Tuesday, November 1, 2011

Creating Tension

As novelists we are always being taught to create TENSION. Sometimes this is laughable because, seriously, do we really need to learn this.

I had tension at dinner time when my daughter was throwing her food.

And what about earlier this week when I realized I need 2 washer & dryers in order to get enough laundry done in an afternoon.

The Major and I are considering how our first deployment is going to go in a few months.

Sometimes our lives don't need ANY. MORE. TENSION!

Link for image: HERE
But, {sigh} alas we must.

Watch any reality show and you'll learn what you need to know about tension. Producers are amazing at this. They find the spark and BANG...that's not only the clip that gets into the preview but you, as the watcher, are waiting...waiting...waiting for it. Like who's Project Runway design looked like a Halloween costume instead of super expensive & chic? (by the way, last week it was JOSH's awfully pretty in the front awfully awful in the back get-up that he designed!)

Or on Design Star who's paired up with who and complaining about not being the leader or hates the color on that person's wall. Or the person who CONSTANTLY is talking about EVERYTHING they are good at and what they've done for the past 15 years. Seriously...that makes me tense just thinking back to the last season.

It's why we watch, right? Okay, maybe not the ONLY reason why we watch, but it definitely helps the stakes to be high enough that we want to see WHO WILL WIN!

So as a writer, it is what I must do. Raise the stakes. Give the characters something to lose and the reader something to invest in. I'm learning. I'm learning. I'm learning...

YOUR TURN: It's all about tension! Don't you hate a scene that has chit-chat...uh, how are you? I'm fine. You? Yep, I'm good. BORING! What's a pet peeve of yours when you read and it seems like the tension is a flop. Tell me. Tell me. I really want to know!


PS: What am I reading? WHITE by Ted Dekker. A-mazing!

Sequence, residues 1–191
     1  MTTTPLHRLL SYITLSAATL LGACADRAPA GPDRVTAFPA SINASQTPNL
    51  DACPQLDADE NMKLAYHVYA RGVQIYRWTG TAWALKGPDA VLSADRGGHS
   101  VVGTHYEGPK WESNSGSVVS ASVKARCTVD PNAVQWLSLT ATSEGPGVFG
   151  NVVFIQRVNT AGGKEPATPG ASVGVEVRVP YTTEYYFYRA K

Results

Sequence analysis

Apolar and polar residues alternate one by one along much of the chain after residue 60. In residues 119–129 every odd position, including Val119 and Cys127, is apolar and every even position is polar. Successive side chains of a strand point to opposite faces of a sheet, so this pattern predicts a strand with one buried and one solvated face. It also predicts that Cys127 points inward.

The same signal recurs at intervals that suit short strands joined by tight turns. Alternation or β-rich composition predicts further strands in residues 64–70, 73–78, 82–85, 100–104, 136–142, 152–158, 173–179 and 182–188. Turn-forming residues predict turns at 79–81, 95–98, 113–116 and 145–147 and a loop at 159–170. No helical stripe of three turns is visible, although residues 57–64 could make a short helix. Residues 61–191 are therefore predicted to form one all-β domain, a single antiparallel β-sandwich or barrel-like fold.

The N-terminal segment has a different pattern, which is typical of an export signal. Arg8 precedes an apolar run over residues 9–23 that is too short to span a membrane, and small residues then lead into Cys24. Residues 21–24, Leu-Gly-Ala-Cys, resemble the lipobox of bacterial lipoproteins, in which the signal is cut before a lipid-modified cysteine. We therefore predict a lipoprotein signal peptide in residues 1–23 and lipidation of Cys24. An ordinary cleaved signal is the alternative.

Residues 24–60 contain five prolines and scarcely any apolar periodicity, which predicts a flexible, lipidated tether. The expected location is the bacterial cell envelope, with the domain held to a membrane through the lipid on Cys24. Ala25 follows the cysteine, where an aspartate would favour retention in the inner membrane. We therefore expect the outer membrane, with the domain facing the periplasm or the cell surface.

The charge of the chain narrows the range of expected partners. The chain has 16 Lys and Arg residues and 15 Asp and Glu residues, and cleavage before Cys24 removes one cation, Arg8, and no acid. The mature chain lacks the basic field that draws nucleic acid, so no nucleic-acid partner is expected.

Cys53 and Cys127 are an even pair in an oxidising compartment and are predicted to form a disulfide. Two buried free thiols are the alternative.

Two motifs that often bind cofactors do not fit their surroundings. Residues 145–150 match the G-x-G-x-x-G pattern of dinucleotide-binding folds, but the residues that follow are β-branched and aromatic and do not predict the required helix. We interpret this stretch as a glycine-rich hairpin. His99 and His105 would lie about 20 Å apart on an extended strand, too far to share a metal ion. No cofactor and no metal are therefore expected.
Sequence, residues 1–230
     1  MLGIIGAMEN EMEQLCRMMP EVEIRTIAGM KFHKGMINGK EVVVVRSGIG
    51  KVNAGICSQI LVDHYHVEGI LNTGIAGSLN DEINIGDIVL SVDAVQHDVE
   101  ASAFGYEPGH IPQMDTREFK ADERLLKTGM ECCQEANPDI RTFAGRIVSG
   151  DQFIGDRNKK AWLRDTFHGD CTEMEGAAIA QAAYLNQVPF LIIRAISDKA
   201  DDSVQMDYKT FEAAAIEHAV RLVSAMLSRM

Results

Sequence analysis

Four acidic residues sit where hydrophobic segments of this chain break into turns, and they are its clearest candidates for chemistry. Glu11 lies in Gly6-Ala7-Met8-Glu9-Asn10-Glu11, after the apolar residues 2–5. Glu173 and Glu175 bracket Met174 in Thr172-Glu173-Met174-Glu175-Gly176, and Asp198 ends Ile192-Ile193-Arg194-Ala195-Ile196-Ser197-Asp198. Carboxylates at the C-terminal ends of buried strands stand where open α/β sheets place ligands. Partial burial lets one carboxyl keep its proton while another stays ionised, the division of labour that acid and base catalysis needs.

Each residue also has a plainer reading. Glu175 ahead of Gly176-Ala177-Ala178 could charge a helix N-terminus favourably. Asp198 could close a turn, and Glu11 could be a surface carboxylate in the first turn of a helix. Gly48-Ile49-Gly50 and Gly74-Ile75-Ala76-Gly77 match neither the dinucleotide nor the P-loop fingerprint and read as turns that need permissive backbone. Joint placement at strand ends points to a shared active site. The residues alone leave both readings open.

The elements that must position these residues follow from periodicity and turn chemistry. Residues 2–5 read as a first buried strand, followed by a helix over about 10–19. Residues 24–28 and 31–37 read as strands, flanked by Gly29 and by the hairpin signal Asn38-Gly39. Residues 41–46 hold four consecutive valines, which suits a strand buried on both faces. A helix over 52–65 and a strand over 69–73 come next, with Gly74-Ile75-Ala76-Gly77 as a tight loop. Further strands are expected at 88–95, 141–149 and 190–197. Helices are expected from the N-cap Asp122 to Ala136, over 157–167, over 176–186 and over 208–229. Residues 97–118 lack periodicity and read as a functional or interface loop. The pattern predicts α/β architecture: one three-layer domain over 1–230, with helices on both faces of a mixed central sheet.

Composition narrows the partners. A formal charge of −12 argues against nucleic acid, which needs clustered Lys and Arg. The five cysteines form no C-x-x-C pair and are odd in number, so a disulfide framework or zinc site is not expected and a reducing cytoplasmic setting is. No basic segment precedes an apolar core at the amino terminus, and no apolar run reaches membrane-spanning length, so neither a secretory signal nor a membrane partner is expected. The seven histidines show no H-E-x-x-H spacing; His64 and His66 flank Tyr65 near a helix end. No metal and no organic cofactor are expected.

Melissa Tagg said...

Hey Elizabeth - I met you at ACFW through Roxanne...I saw your blog link on facebook and literally laughed out loud because this morning I attempted to craft a scene (um in my head, while still in bed)...and I just couldn't find the tension. Finally I decided if there wasn't any tension, then the scene was pointless...and I fell back asleep. True story.

By the way, Ted Dekker's Circle series is incredible. White is fabulous!! (Wasn't a huge fan of Green, but the other three blew. me. away...)

mrskingsbury71 said...

I'm not sure this is what you are looking for...but when I am reading, my biggest pet peeve, and it does take away from any tension that may be building, is a misspelled word or misuse of grammar. In the world where we have spell & grammar check, we have become lazy, they don't catch everything. You can type in a word that is spelled correctly, but is the wrong word or the wrong use, such as whose vs. who's or its vs. it's.

David said...

I was reading the same advice in a craft book, and I was also arguing with it a little in my head. I was thinking that I like to read for relaxation/escape and the wonder of another world (why I read & write fantasy). After thinking some more about it, there's still an level of tension in the low-tension books I thought of as examples. The tension may be a different flavor and a different level than than the suspense stories we first think of when we think of tension, but it's still the tension that draws us into the story and makes it good.

Jackie said...

Hi Elizabeth,
I love when the tension is so tight that my heart races. I hate when it's so tight I can't sleep.
Brandilyn Collins' books, I won't even read if I'm home alone at night. And I love her books! She's great at tension.
Thanks for sharing!

Suzanne said...

The reason I had some ho hum scenes in my first novel (before some wonderful critique partners instructed me the error of my ways) was that I liked my characters too much. Yes, I had plenty of action in my story, but I had passed by many opportunities to add more tension because I didn't want my characters to suffer any more than they had to. I'm very thankful my crit partners helped me to learn this (and even gave me some wonderful ideas that are now incorporated into the book), and I'm sure my readers will be too, as it is a much better book because of it.